Wednesday, September 16, 2015

Gentrification is a policy choice

A couple of weeks ago we explained that the city's new "inclusionary zoning"(sort of) approach to the affordable housing problem is at best ineffectual and at worst an insulting token meant to enable more luxury development.

CityLab is nonetheless credulous enough to give us credit for trying.
A new ordinance passed by the city hopes to bridge this gap. Under an amendment to the city’s comprehensive zoning ordinance signed into law on September 9, developers can now take advantage of density bonuses awarded to those who include below-market units when building multifamily dwellings (apartment/condo buildings).
Again, the ordinance the city passed is either laughably ineffectual or, more likely, plain disingenuous depending out how fraudulent one believes one's representatives to be.  I lean toward very fraudulent but your impression may vary somewhat. I tend not to give any of them credit for being too stupid to understand what they're doing.  For example, Latoya, here, demonstrates that she understands the problem pretty well.
Cantrell also took time during that meeting to explain how the city reached the “affordability crisis.” Referencing a CityLab article on the matter, Cantrell pointed to the moratorium that the Louisiana state bond commission imposed on subsidized multifamily dwellings in 2009. The moratorium lasted roughly four years and triggered a Fair Housing Act complaint.  Said Cantrell at the September 3 meeting:
The issues of affordability were greatly exacerbated by local organizations and state officials [who] … raised the alarm about their projections showing that there would be too much subsidized housing in New Orleans as a percentage of the rest of the market. Based in part on that report, the state bond commission stopped the issuance of bonds for the creation of affordable housing, effectively killing actual projects and causing hundreds of millions of dollars in subsidies that would have been used in supporting the lower and middle ends of the housing market to be used on other things. And now we’re in a housing crisis. ... It’s very important that we understand how we got here, and that there were some decisions that were made just a year or two after the storm that has led us to this.
Latoya understands that gentrification is not a mystical accident of the universe and is instead a predictable result of deliberate policy choices.  But the measures Latoya is backing, supposedly, to reverse this effect are inadequate to counterproductive.

Inclusionary zoning is bunk.  It's the token that allows our politics to excuse the crowding out of most middle and lower class housing by luxury development. Ultimately more poor people are displaced than are housed as a result.   And, of course, there is this.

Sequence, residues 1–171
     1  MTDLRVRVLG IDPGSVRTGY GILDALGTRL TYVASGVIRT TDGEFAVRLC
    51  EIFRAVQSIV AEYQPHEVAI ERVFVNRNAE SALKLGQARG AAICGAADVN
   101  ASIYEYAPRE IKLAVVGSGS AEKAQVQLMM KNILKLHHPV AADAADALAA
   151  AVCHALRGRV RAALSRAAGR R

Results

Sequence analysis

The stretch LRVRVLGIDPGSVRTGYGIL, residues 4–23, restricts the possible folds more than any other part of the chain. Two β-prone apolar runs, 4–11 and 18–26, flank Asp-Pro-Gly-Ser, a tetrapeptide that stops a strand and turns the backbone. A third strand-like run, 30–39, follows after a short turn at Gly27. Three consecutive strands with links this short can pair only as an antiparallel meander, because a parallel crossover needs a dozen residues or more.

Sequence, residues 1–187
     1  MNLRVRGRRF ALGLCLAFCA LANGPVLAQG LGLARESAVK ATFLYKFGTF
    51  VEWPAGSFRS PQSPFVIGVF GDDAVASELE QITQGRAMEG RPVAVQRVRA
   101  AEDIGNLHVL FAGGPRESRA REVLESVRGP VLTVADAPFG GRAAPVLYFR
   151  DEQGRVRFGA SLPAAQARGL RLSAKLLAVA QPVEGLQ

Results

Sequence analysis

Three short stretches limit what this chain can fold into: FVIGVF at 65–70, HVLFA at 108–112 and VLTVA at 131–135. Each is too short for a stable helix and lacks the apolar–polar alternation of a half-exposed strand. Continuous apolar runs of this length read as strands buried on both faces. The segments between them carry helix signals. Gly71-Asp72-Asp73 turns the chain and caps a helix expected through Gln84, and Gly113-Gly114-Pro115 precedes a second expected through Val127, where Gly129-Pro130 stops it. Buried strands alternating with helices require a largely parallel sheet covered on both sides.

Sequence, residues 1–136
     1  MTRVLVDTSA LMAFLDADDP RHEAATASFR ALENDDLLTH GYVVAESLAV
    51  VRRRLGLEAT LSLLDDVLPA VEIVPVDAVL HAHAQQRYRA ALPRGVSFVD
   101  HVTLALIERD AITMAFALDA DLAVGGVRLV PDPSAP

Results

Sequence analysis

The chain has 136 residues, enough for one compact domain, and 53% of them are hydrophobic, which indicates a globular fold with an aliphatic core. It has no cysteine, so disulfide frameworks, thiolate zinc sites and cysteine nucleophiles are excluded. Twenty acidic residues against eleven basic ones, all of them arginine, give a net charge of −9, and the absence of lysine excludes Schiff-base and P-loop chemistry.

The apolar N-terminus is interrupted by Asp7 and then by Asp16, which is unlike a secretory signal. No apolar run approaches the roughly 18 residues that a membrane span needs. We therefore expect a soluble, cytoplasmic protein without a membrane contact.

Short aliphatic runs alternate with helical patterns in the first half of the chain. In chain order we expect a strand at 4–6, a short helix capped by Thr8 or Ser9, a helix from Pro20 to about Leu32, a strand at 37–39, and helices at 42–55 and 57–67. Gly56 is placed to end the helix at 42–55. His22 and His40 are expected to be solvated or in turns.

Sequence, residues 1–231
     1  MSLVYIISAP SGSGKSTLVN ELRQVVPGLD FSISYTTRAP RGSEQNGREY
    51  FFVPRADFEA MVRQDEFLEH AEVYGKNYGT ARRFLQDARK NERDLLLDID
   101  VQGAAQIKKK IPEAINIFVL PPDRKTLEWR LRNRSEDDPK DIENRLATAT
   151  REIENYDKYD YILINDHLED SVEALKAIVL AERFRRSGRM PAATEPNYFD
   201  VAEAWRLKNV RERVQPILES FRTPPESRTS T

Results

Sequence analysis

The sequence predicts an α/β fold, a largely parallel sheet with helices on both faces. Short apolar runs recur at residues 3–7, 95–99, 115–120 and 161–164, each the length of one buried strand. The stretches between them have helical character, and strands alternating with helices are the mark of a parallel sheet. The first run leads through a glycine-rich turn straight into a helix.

One of the things she believes should be reconsidered are the city’s restrictions on how high developers can build these multifamily structures. The historical character of most neighborhoods across the city include mostly single-family homes, semi-detached houses, and shotgun homes—and many want to keep it that way. This could, however, be counterproductive to efforts to make the city more resilient to storm flooding, said Cantrell.
How do you spot a lie in New Orleans? Just look for the word "resilient."  Here again we see the "height restriction" question come into play.  No one is clamoring to build higher in order to build affordable.  They want to build high so that they can build waterfront luxury units on "hot real estate."
What was really fascinating, in respect to  the city budget meeting, was the Mayor's response to the batture zoning issue.

Landrieu informed the Algiers residents that New Orleans is the hottest real estate market in the country and that waterfront property in every city is considered prime real estate.  As for height restrictions he says you can either have long, skinny buildings along the river where "no one can see anything" or you can have tall buildings (I suppose suggesting that these tall, skinny buildings are somehow less of a hindrance to viewing the river).

He then went on to break the bad news to the Pointers (Algiers) about "what's not going to happen".  The residents of the Point were not going to be able to say "I gots mine and nobody else can have theirs"...essentially confirming their worst fears about what probably "is going to happen" regarding development plans for the batture.

Interesting he would frame it that way.  Right now the batture is green space that everyone can share. The Mayor's logic seems to be that the residents of Algiers Point are being selfish for wanting to keep sharing it that way.
From the point of view of the power brokers, our "affordable housing crisis" isn't really a problem. That's just about poor people being forced out of their neighborhoods which, according to all of our previous policy choices, is what the city wants anyway.   On the other hand, developers really do have a problem getting over zoning restrictions. And, to a lesser extent, they have a political problem rationalizing all the poor people being forced out of their neighborhoods.  Getting around the zoning restrictions in the name of an "affordable housing" policy that doesn't actually work anyway.. well that kills two birds with one stone, doesn't it.  Neat.

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